Mark Haranas

Mark Haranas is an assistant news editor and longtime journalist now covering cloud, multicloud, software, SaaS and channel partners at CRN. He speaks with world-renown CEOs and IT experts as well as covering breaking news and live events while also managing several CRN reporters. He can be reached at

Wed, 23 Aug 2023 03:00:00 -0500 en text/html
Killexams : New Pixel 8 Pro Leak Reveals Google’s Risky Decision

As Google prepares to launch the Pixel 8 and Pixel 8 Pro, some curious details have come to light in the latest leaked images of the handsets.

Thanks to leaked images and renders from the prolifically accurate OnLeaks, we have a clear idea of the dimensions of the upcoming handsets and some key components. One obvious update is the move towards a flat display without the curves that should allow the handsets to be fractionally smaller.

There’s also something missing. Mishaal Rahman highlights the lack of physical SIM card slots on the images. While inconclusive, this suggests that there may be Pixel 8 models that will skip physical SIM cards and go all-in on an eSIM-only handset.

It’s worth pointing out that an Android tool to transfer eSIMs for another device was announced in February, expanding the capabilities of the platform. Given Google’s use of the Pixel platform to demonstrate what it sees as the best implementation of its flavor of Android, providing extended eSIM tools and backing this up with an eSIM-only smartphone is an easy prediction to make.

It does feel a bit of a risk, but it’s definitely a smart decision to commit to eSIM. Support for eSIM varies by territory so it’s likely that there will be physical SIM and eSIM variants of the Pixel 8 and Pixel 8 Pro handsets. Apple took this approach with the iPhone 14, offering the US market only eSIM versions while global markets had the physical SIM versions.

Throw in some key updates to the camera software alongside the next-generation Mobile Tensor chipset, and you have a strong, albeit iterative, update to the Pixel smartphone family.

Now read how Google is promoting the Pixel Tablet to Android users...

Wed, 23 Aug 2023 10:44:00 -0500 Ewan Spence en text/html
Killexams : Google security check: 60 seconds to kick out snoops and hackers

I’ll never forget the caller on my national radio show asking me for guidance because her brother was scammed out of $450,000. He trusted the wrong person, and he’s far from alone. People simply don’t realize they’re being taken for a ride until it’s too late.

Then clues pop up. Maybe you sent a bunch of gift card codes, or there are emails you didn’t write in your outbox. Or worse, you get a notice about a loan in your name. Pro-tip: That’s why you need to get your free credit report every year.

It’s also the reason to check your Google account’s security. It only takes a minute and will reveal who has access to your account. Fingers crossed, it’s just you.


Join 509,000 people who get my free tech newsletter.

60-second safety check

I’m going to show you how to find digital clues a hacker got into your account, but that’s not all. This tip also works for spotting snoops. Is a friend or family member poking around your Google or Gmail account? Let’s sniff them out.

  • Go to Sign in if you aren’t already.
  • Here, you’ll see a list of devices — the computers, smartphones and tablets you’re signed into or have been signed into within the last 28 days.

You can click each one to see which browser was used. That might be a tip-off someone else has logged in, say you see Chrome, but you only use Safari.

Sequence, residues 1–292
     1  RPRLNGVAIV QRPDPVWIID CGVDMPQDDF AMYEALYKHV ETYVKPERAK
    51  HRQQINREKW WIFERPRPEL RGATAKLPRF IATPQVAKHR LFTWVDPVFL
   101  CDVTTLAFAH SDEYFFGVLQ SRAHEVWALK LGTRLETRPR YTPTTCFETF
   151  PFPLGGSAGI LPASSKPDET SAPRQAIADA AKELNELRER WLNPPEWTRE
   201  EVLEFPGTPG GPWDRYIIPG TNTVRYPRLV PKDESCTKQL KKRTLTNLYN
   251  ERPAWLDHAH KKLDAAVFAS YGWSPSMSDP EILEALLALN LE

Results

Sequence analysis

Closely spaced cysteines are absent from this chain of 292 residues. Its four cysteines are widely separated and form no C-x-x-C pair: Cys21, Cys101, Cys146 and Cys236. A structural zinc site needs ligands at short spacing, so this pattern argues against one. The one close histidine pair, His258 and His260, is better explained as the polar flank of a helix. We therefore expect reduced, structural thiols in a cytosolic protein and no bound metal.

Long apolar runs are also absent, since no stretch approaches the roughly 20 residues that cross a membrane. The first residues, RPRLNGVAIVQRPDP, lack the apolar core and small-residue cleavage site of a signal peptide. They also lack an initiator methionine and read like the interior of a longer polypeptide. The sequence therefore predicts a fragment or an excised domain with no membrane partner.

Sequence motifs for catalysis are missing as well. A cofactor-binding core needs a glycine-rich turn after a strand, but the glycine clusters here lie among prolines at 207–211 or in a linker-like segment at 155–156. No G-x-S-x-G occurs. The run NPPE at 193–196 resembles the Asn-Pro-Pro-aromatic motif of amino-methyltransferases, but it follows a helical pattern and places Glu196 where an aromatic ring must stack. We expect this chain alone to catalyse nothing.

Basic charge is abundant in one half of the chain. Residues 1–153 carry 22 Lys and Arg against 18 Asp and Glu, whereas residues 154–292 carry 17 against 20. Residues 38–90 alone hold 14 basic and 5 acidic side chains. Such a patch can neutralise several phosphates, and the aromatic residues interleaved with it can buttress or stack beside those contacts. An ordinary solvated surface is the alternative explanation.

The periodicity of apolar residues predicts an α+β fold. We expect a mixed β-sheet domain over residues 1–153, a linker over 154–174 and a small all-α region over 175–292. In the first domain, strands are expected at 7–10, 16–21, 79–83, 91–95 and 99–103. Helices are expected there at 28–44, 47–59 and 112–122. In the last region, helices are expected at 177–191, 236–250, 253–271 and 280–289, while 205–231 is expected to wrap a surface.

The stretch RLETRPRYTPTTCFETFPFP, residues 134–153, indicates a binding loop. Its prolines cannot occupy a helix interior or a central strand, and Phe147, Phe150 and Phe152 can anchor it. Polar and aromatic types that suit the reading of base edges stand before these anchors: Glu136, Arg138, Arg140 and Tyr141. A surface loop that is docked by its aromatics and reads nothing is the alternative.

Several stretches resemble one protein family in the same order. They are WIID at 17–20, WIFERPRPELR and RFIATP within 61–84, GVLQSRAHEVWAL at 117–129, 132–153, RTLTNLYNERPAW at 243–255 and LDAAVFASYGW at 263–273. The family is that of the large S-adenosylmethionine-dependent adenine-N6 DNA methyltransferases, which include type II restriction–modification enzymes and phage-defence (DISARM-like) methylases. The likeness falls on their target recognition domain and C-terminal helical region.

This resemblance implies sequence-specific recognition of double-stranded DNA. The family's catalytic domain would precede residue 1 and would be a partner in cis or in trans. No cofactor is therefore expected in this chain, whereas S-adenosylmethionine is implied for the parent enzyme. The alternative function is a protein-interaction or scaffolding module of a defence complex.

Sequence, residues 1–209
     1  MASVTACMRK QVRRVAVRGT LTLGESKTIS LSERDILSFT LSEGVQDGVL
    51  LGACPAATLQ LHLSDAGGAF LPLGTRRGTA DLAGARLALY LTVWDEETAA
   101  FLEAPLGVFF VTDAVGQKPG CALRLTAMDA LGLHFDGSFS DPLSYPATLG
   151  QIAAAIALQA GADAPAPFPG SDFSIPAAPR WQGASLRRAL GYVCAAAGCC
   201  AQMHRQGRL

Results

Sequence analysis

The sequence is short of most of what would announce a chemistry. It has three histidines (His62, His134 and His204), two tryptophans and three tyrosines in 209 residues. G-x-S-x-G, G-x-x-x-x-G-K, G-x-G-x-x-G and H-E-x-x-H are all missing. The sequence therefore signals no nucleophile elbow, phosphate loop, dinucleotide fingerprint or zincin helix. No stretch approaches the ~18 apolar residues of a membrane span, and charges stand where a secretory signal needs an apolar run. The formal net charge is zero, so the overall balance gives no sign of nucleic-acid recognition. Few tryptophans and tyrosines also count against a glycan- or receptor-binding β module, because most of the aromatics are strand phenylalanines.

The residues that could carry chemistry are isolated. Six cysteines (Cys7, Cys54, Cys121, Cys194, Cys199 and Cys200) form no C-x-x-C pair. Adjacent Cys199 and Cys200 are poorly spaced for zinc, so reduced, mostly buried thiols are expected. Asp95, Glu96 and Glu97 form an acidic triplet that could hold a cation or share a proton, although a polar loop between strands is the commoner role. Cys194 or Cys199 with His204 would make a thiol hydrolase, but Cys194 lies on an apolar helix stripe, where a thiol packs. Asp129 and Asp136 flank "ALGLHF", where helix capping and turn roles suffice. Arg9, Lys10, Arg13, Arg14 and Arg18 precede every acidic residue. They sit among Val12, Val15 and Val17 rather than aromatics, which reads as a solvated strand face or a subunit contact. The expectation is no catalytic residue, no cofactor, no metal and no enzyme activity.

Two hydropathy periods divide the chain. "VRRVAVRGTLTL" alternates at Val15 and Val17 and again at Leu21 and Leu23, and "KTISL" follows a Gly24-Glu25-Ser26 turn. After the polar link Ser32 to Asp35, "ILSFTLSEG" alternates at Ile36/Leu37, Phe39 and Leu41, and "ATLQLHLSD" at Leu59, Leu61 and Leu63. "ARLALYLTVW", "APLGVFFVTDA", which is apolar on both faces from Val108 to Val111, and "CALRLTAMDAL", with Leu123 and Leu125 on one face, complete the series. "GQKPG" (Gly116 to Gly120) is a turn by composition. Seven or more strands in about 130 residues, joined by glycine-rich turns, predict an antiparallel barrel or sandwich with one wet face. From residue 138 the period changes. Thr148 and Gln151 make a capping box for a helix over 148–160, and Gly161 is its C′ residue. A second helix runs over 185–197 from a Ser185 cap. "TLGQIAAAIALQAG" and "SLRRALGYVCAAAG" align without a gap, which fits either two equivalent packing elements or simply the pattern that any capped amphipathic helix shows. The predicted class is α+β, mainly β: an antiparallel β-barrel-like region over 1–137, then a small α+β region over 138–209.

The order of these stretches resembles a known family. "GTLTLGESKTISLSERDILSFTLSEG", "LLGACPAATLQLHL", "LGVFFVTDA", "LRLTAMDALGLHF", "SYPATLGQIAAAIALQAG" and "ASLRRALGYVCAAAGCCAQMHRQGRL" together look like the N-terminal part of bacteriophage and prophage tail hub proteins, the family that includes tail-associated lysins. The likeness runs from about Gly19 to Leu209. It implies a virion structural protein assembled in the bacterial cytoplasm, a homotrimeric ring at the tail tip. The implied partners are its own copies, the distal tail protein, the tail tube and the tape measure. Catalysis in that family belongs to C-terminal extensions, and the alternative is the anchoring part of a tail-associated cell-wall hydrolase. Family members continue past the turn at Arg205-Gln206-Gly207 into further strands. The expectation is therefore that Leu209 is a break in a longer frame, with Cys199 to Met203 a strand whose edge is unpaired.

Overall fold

Google headquarters in Mountain View, Calif.  (Marlena Sloss/Bloomberg via Getty Images, File)

Don’t panic if you see the same device multiple times. Each session (or instance you logged in) is recorded. 

You may also see devices that have been inactive for a long time, like an old phone or computer you don’t use anymore. It’s wise to sign these devices out remotely.

  • Click the one you want, then Sign out. This will remove access to your Google account from the device entirely.

You should also take that step for any devices you once used to access your account, like a friend’s tablet or a work computer.

I sent smart security tips via email almost every day. Get my free newsletter here.


Here’s the red flag

What happens if you see a computer, phone, tablet, or device you don’t recognize? That might be a bad sign but don’t panic right away.

You could have signed in through a VPN or you were on vacation, hence a different city. Or you borrowed a device from someone else.

If you don’t remember, or you’re sure it wasn’t you, do this:

  • Click the device and choose Don’t recognize something? or Sign out. Again, this will sign the device out remotely.

Inbox a mess?Here’s the surefire way to keep your email in check

Google Chrome and GMail apps on a cellphone screen. (Fabian Sommer/picture alliance via Getty Images, File)

Now it’s time to protect your account

When it comes to cybersecurity, take the conservative approach. Maybe it was you, but there’s a chance someone else got into your account.

That means it’s time to change your password to be sure whoever logged in can’t do so again. Don’t reuse an old password or choose something easy to guess.

Bonus tip: Take a walk down your Google memory lane

Google’s Timeline feature shows you a summary of everywhere you’ve gone — down to the travel time, route you took and even the pictures you took when you arrived. It’s really worth checking out if you never have.

  • Go to
  • Search for a date or click one of the blue bars below the date field. There you can see places you’ve visited, your route, pictures you took and timestamps for everything.
  • At the bottom, there’s a red box with the number of places Google has tracked. Click that to see where you’ve been most.